rushthatspeaks: (Default)
A minor Zelazny which succeeds primarily in reminding me violently of Iain Banks, as it would require only very minor shifting of anything to make it into a Culture novel, except that I don't like it as well as I have the ones I've read in that series.

There's a war that happened some time ago, and a man who is a walking carrier and cure of every deadly disease ever, and an alien goddess, and the whole thing is chopped up into very small sections that hop from viewpoint to viewpoint so that you constantly have to keep re-orienting. The climax is as a result at something of an odd distance from the reader-- you know what's going on, and you kind of care, but you've been much deeper in the heads of all the people involved than you're allowed to be at that specific moment. This did not work for me as an authorial choice. I can see why it was worth a try, but the book just did not manage to cohere.

As it's Zelazny, though, the prose is lovely and the whole thing dripping with pretty scenery and interesting ideas. I did not find any of it annoying or anything like that, but it just isn't the kind of book one remembers, except as a creditable try. The air of Banks and Andre Norton made for a pleasant hour, but I would have liked, well, I know what Zelazny could do at his best.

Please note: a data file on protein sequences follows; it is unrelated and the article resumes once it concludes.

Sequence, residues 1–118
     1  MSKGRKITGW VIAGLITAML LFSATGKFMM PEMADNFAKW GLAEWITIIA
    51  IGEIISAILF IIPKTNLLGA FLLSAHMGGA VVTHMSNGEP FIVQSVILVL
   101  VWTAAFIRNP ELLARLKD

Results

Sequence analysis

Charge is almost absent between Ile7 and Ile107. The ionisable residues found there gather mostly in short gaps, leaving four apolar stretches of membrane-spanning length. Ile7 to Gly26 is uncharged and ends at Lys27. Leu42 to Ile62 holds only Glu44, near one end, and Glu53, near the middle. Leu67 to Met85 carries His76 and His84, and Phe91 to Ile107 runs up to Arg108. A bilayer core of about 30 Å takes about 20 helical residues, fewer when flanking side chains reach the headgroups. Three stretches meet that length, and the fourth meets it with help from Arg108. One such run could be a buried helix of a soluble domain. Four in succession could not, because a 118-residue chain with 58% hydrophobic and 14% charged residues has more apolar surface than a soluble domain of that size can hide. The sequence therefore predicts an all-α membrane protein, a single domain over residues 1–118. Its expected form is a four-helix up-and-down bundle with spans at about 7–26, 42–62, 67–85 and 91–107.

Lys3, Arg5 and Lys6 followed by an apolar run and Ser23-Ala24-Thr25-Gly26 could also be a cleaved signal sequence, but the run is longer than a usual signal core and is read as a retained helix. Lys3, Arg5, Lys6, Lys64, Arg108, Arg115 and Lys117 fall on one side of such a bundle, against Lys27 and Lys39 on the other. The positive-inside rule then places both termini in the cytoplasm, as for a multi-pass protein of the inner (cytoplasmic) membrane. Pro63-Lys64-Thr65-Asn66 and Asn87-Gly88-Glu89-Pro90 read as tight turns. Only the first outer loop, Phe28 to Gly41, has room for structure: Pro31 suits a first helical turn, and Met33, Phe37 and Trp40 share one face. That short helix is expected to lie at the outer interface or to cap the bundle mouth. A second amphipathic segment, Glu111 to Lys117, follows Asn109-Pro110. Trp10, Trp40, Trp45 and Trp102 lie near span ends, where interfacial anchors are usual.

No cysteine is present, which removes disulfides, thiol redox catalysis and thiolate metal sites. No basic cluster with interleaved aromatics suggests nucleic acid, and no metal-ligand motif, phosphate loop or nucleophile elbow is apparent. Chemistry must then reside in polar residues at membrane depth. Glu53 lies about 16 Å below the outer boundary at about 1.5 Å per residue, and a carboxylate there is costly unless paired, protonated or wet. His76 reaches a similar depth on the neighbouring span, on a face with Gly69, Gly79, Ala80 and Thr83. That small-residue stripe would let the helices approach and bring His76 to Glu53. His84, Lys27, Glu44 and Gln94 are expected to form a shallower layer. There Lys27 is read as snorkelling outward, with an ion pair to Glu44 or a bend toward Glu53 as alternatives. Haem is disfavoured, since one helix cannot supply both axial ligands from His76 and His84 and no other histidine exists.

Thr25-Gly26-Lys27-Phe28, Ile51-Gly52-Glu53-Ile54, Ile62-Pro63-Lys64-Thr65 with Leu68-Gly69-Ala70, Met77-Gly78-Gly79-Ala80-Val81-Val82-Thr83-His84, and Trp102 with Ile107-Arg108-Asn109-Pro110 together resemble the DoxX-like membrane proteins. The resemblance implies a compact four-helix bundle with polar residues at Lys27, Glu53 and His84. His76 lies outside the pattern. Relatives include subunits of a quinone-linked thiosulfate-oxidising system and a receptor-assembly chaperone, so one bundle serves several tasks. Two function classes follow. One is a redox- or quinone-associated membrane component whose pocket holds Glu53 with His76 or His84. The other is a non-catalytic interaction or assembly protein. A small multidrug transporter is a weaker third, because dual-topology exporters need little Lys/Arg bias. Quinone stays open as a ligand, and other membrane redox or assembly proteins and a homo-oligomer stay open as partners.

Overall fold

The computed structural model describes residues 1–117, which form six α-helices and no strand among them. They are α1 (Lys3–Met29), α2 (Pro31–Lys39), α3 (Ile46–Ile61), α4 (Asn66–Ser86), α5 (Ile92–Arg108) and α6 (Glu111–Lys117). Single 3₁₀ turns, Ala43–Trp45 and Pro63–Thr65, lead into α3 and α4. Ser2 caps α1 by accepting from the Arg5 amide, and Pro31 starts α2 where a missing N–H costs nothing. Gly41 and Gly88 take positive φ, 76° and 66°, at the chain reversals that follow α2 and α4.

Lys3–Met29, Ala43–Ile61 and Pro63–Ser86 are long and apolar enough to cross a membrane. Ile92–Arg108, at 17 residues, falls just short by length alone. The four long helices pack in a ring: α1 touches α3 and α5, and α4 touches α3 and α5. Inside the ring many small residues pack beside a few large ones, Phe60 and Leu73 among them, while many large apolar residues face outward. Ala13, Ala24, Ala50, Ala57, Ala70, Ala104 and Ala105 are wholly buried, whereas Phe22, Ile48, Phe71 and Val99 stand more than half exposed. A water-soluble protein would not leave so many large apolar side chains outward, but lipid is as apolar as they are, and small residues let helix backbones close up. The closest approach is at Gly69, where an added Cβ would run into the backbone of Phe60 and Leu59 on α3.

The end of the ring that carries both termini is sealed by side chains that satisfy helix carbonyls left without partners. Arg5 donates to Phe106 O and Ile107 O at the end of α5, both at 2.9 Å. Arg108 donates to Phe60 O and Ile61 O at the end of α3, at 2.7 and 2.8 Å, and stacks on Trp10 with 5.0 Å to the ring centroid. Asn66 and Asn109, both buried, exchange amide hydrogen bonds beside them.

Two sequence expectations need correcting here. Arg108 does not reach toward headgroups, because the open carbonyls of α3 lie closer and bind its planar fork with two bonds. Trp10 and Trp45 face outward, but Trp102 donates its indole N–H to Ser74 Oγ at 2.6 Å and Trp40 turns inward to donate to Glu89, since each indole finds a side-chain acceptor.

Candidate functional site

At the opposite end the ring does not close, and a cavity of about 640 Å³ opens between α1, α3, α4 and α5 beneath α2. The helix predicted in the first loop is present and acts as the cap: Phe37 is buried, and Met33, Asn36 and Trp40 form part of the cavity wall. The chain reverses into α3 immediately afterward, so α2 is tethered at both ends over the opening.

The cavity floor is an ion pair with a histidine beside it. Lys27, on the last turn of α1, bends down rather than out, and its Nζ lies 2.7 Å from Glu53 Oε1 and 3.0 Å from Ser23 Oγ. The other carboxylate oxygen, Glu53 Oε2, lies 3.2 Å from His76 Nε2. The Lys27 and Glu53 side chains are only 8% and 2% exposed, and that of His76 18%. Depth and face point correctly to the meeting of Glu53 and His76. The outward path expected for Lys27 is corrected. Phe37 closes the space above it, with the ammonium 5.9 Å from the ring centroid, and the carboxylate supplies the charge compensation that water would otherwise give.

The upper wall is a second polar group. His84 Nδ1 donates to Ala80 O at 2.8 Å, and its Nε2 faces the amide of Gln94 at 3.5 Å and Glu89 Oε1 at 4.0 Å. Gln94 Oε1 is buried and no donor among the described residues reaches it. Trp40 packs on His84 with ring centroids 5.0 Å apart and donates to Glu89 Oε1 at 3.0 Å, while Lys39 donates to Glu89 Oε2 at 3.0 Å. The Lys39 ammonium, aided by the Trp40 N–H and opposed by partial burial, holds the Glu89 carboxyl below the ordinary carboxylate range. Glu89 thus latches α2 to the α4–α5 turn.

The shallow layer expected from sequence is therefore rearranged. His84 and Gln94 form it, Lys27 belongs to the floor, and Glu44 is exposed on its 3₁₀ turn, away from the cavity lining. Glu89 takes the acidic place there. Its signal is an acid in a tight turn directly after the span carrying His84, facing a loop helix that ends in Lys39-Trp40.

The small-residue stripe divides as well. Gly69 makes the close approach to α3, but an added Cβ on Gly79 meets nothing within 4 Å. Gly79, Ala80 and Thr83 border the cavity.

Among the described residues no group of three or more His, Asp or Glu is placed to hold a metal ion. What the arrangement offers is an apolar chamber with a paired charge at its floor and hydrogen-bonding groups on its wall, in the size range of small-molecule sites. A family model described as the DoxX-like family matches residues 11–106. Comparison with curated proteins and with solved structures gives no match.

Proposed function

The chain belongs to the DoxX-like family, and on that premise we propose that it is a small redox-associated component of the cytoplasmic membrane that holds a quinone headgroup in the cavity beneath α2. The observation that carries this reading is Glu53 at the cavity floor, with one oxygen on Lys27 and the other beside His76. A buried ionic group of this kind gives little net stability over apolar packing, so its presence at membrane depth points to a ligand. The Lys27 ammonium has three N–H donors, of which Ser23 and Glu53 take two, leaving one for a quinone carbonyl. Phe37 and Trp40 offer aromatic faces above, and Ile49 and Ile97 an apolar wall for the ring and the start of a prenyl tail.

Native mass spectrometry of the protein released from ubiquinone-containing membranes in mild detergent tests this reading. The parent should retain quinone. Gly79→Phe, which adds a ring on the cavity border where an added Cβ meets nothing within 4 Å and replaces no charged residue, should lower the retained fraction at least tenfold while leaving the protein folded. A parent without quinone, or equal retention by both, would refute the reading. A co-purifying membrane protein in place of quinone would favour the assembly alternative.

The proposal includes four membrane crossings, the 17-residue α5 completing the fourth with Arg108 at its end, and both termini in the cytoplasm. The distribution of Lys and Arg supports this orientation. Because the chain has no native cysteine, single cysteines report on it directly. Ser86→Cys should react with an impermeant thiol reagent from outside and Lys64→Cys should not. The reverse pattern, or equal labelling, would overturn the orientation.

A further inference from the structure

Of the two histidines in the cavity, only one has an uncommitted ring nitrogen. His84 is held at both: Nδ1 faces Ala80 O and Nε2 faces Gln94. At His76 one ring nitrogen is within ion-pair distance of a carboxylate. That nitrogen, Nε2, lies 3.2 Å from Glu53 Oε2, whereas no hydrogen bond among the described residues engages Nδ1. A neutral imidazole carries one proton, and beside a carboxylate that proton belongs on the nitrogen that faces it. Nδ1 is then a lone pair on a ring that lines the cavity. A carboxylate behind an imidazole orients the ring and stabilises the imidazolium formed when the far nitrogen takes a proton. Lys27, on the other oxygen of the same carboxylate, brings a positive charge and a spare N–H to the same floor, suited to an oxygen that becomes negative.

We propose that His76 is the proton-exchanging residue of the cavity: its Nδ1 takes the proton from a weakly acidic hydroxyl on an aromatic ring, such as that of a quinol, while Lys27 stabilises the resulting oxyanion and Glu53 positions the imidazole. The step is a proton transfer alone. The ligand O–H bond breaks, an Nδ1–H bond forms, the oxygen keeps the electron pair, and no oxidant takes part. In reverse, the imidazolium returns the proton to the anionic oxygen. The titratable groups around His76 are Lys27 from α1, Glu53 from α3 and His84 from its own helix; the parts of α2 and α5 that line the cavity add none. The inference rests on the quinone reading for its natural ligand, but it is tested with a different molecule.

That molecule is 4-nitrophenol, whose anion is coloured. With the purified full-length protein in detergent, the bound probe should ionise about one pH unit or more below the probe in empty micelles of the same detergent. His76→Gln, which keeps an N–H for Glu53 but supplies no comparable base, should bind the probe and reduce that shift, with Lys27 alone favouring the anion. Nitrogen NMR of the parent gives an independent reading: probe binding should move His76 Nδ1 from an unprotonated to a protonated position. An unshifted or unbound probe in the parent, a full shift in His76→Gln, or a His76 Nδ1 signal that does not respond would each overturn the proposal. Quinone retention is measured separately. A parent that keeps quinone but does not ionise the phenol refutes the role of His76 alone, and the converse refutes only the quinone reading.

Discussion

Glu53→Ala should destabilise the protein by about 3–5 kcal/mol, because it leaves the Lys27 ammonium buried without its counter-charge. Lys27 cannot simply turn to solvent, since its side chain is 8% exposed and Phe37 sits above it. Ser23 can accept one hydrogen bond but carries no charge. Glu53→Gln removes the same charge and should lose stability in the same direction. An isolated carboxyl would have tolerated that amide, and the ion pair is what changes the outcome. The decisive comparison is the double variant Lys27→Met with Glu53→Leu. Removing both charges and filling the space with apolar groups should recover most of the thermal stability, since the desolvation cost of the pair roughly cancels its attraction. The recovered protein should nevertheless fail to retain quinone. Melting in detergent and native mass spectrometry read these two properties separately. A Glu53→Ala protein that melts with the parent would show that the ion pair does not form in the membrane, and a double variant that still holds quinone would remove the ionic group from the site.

Also, the title doesn't actually make any sense-- it's relevant, but not applicable-- which always kind of bothers me. Still, if you've run out of Culture or need more Zelazny, this exists.

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rushthatspeaks: (Default)
A minor Zelazny which succeeds primarily in reminding me violently of Iain Banks, as it would require only very minor shifting of anything to make it into a Culture novel, except that I don't like it as well as I have the ones I've read in that series.

There's a war that happened some time ago, and a man who is a walking carrier and cure of every deadly disease ever, and an alien goddess, and the whole thing is chopped up into very small sections that hop from viewpoint to viewpoint so that you constantly have to keep re-orienting. The climax is as a result at something of an odd distance from the reader-- you know what's going on, and you kind of care, but you've been much deeper in the heads of all the people involved than you're allowed to be at that specific moment. This did not work for me as an authorial choice. I can see why it was worth a try, but the book just did not manage to cohere.

As it's Zelazny, though, the prose is lovely and the whole thing dripping with pretty scenery and interesting ideas. I did not find any of it annoying or anything like that, but it just isn't the kind of book one remembers, except as a creditable try. The air of Banks and Andre Norton made for a pleasant hour, but I would have liked, well, I know what Zelazny could do at his best.

Also, the title doesn't actually make any sense-- it's relevant, but not applicable-- which always kind of bothers me. Still, if you've run out of Culture or need more Zelazny, this exists.

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